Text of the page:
Tailor have been a little scarce but the ones found in the Broadwater are of good size.
Tailor have been a little scarce but the ones found in the Broadwater are of good size.
Casey with her PB snapper hooked on the close-in reefs out the front of the Seaway.
Casey with her PB snapper hooked on the close-in reefs out the front of the Seaway.
Christian with a lovely Broadwater jew caught during a very early morning trip.
Christian with a lovely Broadwater jew caught during a very early morning trip.
This 40cm whiting earned Pam the leader’s jersey during the author’s recent houseboat holiday.
This 40cm whiting earned Pam the leader’s jersey during the author’s recent houseboat holiday.
Some good muddies are still around, as Ali showed.
Some good muddies are still around, as Ali showed.
Around the mouth of the Nerang, the underwater rock wall that runs from The Southport School boat shed to the mouth of the canal on the other side of the river is a consistent spot for a feed of bream. With three bridges now running across the river near the Sundale boat ramp, this is another good spot in which to target bream. All those pylons break the current and hold a lot of bait, presenting perfect conditions for hungry bream. Yabbies will catch the most fish in these areas, however the better-quality bream will fall to flesh and gut baits.

Offshore fishing has been a little patchy, with some quality snapper caught in the 35-40m area out from the Seaway by anglers float lining whole pillies on a gang of 4/0 Mustad 7766 hooks. If doing this, I always have a 5” white Z-Man soft plastic out the back sitting a couple of metres off the bottom. The wave motion imparts just enough action on the plastic for it to be smashed by the occasional big snapper. This may not appeal to fishos who like to work the lure, but there is nothing better than hearing the drag scream and turning around to see the rod buckled over from the weight of a good snapper. An early morning change of tide an hour or two after sunrise has produced the best catches and the fishing will just get better this month.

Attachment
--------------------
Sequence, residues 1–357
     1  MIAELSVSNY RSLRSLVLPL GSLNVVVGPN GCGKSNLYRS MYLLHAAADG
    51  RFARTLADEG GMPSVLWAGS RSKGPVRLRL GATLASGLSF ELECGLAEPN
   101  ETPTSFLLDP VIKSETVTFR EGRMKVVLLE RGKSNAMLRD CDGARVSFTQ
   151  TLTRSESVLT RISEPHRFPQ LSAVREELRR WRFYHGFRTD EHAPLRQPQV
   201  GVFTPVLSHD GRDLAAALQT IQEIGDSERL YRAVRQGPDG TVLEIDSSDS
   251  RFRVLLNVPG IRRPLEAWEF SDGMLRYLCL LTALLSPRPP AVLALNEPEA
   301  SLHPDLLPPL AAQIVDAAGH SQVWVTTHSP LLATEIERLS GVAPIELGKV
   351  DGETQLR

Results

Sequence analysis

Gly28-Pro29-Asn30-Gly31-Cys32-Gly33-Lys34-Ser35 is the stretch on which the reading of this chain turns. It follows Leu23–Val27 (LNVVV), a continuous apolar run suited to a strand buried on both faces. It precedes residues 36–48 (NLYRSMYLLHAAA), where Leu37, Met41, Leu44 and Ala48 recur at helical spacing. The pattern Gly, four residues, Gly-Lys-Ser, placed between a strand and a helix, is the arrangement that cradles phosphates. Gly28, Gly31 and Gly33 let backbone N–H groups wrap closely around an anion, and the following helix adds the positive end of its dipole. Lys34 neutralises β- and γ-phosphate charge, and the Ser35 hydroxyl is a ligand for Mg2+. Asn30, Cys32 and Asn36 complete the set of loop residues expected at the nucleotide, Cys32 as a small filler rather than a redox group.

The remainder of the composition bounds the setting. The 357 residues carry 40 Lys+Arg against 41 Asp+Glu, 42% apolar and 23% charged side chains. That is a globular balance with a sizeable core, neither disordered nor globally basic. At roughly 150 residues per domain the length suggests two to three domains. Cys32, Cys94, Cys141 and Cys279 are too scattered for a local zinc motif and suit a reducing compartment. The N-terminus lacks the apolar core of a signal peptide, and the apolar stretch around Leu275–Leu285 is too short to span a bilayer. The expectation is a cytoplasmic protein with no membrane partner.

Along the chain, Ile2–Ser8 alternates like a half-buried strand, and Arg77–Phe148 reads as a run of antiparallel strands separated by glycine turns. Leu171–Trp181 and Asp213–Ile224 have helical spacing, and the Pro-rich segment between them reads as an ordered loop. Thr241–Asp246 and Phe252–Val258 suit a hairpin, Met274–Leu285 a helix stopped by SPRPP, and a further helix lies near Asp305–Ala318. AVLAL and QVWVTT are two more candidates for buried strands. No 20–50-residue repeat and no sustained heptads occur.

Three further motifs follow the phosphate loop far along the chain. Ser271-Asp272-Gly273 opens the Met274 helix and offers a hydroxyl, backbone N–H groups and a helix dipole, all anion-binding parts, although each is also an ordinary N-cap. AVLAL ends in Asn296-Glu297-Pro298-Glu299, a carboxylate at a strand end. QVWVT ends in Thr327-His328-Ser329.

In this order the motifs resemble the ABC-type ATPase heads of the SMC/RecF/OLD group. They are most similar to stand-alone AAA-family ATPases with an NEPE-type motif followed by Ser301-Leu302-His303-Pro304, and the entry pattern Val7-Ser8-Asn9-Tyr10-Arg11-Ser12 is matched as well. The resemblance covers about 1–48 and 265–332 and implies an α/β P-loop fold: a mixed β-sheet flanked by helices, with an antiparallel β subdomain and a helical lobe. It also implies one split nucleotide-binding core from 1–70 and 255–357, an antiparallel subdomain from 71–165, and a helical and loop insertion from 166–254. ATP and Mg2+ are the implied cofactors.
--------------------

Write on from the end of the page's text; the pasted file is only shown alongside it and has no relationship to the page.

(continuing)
It’s taken a long time to finish but finally the four-lane boat ramp with plenty of car and trailer parking is open at the Broadwater end of Smith St. Hopefully this will take some pressure off the other boat ramps in the area during our busy periods. Early next month will see the running of the Rainbow Beach Family Fishing Competition. This event features great prizes for the whole family and is one of the few fishing competitions run during school holidays. ‘Til next month, fish for the future.

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About Wayne 'Youngy' Young

Wayne 'Youngy' Young
Wayne started fishing seriously 22 years ago, and 19 years ago moved to the Broadwater region on the Gold Coast because it had the best and biggest whiting in southeast Queensland, which is still true to this day. He works most Saturdays at Oxenford BCF and spends almost all the rest of his time fishing and crabbing the Broadwater and the rivers that run into it. Since moving there he has discovered that despite a lot of boat traffic it is still a great place to fish, with an amazing variety of species to catch.